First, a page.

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United States Postal Service
The United States Postal Service (USPS) was founded in 1971, replacing the United States Post Office Department. Its headquarters is in Washington D.C. In the United States, it is referred to as "the post office", "the postal service", or just "the mail". Its job is to deliver letters, packages, and other items to people.
The Postal Service was originally the Post Office Department, which began in 1775. In 1971, the Postal Reorganization Act went into effect, creating the United States Postal Service. Since then, the Postal Service has had 14 Postmaster Generals, the current one being Louis Dejoy.
The purpose of the Postal Service is to deliver equal service to all citizens of the United States. The Postal Service has almost 500,000 employees to deliver and sort mail, as well as run management and clerk positions. The Postal Service is for the service of Americans, so it is generally left out of politics between political parties.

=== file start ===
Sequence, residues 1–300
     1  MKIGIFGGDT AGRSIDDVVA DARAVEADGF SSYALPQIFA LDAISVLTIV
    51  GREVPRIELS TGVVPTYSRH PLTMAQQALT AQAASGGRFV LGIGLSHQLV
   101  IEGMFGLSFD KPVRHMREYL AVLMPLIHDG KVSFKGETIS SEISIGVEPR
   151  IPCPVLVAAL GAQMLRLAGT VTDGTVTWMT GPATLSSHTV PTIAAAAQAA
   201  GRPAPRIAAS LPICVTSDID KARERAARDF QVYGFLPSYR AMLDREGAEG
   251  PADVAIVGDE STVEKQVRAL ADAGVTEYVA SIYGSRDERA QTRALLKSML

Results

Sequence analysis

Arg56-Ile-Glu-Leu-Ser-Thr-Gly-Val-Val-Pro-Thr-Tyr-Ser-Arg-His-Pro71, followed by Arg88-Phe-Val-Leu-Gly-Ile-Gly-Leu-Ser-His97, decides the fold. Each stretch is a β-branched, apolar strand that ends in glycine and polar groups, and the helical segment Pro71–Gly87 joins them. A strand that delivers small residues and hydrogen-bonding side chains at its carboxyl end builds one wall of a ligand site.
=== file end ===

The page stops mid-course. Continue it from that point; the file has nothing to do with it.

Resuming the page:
Laws Affecting The Postal Service
The Constitution gives Congress the ability to "establish post offices and post roads." Congress used this power to originally create the Post Office as well as give it power.
U.S. Code Title 39
This code outlines the duties and powers of the Postal Service, making its mission of service clear.
This law, signed in 2006, requires the Postal Service to put money into their Retiree Health Benefit Program ahead of time. This would allow them to save money for the future. Since this law, however, the Postal Service has often been losing money due to high operating costs.